Application development news, tools, and how-tos for programmers
  • Internet Explorer 6 beta is leaked to the Web

    Posted January 30, 2001 - 10:26 am

    A preview version of Internet Explorer 6, a future release of Microsoft Corp.'s Web browser, has been made available prematurely over the Web by at least two specialist software sites.
  • Light Up My Life

    Posted January 30, 2001 - 1:00 am

    prevent code from executing in the mail.

    COMMUNITY DISCUSSIONS * Web Development: Clearing the HTML SERVICES * IT Job Spot: Can JAVA save lives? -- Nationwide
  • EEK! A Mouse Event!

    Posted January 30, 2001 - 1:00 am

    * Detecting clicks and drags with MouseListener and MouseMotionListener COMMUNITY DISCUSSIONS * Webcast: Innovate - Making personalization work in eCommerce.

  • SVG -- Something Very Good, or a flash in the pan?

    Posted January 29, 2001 - 3:57 pm

    Every few years pundits cry, "Bitmaps are bad! Vectors are better!" The newest hope for vector victory is Scalable Vector Graphics (SVG), a W3C-endorsed XML-based language for vector graphics. SVG is getting a push from some of the leading names in the graphics community, including Adobe and even Macromedia, whose Flash product could be seen as a competitor.

  • The projection of identity

    Posted January 29, 2001 - 3:49 pm

    Pointers, as noted in earlier installments, are natural implementations of the rule of identity: By their very nature, they exhibit both uniqueness and uniform behavior. But because they're designed to indicate specific memory locations, pointers fail to implement location independence. In many applications -- specifically those designed for use by one individual at one machine -- this is not a problem. In client/server and distributed systems, however, location independence is essential to proper behavior.
  • Enterprise development surges

    Posted January 29, 2001 - 3:43 pm

    As evidenced by a raft of industry announcements, consolidations, and partnerships last year, the application development sector was a hotbed of activity in 2000. Most of this energy was directed to the continued development of the Java 2 Enterprise Edition (J2EE) standard, application server technology, and EAI (enterprise application integration).
  • Is Sun paranoid of open source?

    Posted January 29, 2001 - 2:52 pm

    If their handling -- or lack thereof -- of Linux is any indication, the answer is yes. Sure, Sun has an enormous cash cow to protect, but Linux is an unstoppable force. If Sun is wondering how to get its feet wet, a great entry point would be to license Java under the GNU GPL.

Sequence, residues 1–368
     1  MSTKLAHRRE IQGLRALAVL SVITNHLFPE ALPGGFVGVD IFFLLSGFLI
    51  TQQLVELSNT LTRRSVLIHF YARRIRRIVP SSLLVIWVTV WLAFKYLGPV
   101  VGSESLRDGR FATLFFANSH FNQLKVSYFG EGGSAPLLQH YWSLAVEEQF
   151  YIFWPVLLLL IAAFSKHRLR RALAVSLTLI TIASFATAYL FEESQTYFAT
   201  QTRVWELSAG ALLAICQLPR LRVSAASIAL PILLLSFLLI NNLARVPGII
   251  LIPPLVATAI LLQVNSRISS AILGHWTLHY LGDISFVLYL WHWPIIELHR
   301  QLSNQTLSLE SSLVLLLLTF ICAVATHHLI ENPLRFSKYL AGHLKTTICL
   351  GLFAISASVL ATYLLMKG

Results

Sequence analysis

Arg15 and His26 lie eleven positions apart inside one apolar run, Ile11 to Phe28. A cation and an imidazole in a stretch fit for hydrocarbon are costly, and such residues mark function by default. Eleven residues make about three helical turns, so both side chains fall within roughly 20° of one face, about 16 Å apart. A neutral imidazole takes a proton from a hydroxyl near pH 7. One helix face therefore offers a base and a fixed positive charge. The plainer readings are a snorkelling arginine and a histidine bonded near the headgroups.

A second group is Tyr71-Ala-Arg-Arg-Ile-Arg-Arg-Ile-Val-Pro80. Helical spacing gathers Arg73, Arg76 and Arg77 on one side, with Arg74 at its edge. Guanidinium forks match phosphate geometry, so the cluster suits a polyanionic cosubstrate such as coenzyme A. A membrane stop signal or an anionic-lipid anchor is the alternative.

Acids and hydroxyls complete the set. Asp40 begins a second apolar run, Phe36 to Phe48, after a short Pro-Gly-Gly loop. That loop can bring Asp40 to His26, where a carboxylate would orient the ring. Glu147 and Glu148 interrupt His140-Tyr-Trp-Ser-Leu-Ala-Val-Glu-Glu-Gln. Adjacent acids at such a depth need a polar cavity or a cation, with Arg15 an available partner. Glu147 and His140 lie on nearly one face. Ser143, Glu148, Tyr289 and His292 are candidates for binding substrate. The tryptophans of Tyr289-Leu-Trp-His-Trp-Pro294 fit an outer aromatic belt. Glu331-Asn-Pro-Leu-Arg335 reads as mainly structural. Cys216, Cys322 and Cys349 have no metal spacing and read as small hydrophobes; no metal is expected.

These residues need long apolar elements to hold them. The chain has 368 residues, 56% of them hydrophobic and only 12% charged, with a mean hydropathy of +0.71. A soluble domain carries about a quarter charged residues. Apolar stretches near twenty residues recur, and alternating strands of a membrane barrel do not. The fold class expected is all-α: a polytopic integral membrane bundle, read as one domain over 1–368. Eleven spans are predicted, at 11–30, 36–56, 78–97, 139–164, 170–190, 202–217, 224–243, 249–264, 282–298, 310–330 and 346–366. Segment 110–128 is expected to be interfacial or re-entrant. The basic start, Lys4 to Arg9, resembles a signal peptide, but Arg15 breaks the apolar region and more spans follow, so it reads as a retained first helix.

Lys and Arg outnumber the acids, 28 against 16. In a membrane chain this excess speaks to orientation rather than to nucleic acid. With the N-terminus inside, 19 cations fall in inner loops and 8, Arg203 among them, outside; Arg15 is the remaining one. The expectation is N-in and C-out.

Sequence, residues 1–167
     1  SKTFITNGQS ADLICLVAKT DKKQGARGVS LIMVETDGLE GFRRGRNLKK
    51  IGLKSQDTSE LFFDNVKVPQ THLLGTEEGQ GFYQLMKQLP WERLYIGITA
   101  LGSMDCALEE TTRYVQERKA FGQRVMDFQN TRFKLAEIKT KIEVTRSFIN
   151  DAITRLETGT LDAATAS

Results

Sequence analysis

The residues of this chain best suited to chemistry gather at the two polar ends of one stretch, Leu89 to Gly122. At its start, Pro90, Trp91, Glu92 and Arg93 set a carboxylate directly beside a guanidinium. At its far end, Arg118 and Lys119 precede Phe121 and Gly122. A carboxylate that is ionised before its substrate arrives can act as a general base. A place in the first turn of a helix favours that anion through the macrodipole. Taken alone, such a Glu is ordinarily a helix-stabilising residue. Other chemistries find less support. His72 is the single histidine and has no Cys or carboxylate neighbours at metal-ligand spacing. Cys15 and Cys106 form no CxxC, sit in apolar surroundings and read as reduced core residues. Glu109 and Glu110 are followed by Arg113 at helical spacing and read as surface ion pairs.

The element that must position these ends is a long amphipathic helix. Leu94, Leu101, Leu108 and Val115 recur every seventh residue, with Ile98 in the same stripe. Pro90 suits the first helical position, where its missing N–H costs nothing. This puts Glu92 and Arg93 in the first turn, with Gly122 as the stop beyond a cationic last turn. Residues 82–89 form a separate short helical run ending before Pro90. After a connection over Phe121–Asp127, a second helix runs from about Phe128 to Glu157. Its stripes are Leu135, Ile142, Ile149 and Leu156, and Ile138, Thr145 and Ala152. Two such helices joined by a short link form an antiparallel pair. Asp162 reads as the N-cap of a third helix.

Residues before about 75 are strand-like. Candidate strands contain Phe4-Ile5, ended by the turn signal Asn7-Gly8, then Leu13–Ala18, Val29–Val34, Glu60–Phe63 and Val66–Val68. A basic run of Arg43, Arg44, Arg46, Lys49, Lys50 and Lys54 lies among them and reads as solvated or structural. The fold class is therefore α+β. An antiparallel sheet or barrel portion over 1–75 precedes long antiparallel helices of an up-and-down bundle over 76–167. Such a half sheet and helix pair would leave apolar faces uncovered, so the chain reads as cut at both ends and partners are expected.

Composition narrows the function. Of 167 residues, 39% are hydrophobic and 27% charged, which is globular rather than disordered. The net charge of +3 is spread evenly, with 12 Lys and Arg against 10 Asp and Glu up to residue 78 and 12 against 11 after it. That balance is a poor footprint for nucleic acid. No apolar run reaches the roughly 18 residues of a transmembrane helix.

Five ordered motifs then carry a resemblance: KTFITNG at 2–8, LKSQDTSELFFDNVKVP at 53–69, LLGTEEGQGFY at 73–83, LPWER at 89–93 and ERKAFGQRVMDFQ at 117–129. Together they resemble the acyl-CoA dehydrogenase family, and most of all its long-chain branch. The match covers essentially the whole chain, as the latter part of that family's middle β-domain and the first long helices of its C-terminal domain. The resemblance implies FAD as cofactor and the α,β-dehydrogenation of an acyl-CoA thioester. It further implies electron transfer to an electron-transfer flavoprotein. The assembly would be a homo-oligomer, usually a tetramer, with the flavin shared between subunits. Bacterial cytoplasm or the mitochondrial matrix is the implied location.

• Crossing the language barrier

    Posted January 29, 2001 - 2:02 pm

    Developers tend to divide along language boundaries. Once we know a programming language, we identify ourselves by it -- we're "a C++ programmer," "a Delphi developer," etc. One explanation for this tendency to affiliate is that old barrier to change that naturally exists between programming languages: familiarity. People who have spent time learning one set of rules are naturally reluctant to put them aside in favor of another set. As a wise, green little man once said, "You must unlearn what you have learned."
  • Sidestepping the limitations of Java's runtime method resolution

    Posted January 29, 2001 - 1:48 pm

    In my previous column, I discussed several Java language constructs that comply with the rule of interface. Adherence to the rule of interface, in short, allows objects to communicate. This time, however, I present an aspect of Java that does not comply with that rule. Because the language must sometimes put off method resolution until runtime, some clients may not receive the level of service they expect and require.
  • Time to apply rigor to Web development

    Posted January 29, 2001 - 12:26 pm

    "Fast" and "loose" need not go together, but for Web development projects, they often do. Now that Web sites have moved away from being brochureware and users are demanding transactional capabilities and a high degree of interactivity, smart site builders are getting back to software quality basics.
  • Persuading AMD and Intel to fight over open source this year

    Posted January 29, 2001 - 11:49 am

    Persuading AMD and Intel to fight over open source this year
  • Combining Elements in a Combo Box

    Posted January 29, 2001 - 1:00 am

    * Bringing together elements of the list box and edit controls COMMUNITY DISCUSSION: * Windows Application Development: Printing in Java SERVICES * Webcast: Think you know everything IT guru? Is that your final answer?

  • Pointers, uniqueness, and uniform behavior

    Posted January 28, 2001 - 5:59 pm

    In last week's column, we studied the rule of identity. We saw several ways in which identity is implemented, including relational database keys, file paths, and -- most significantly -- pointers.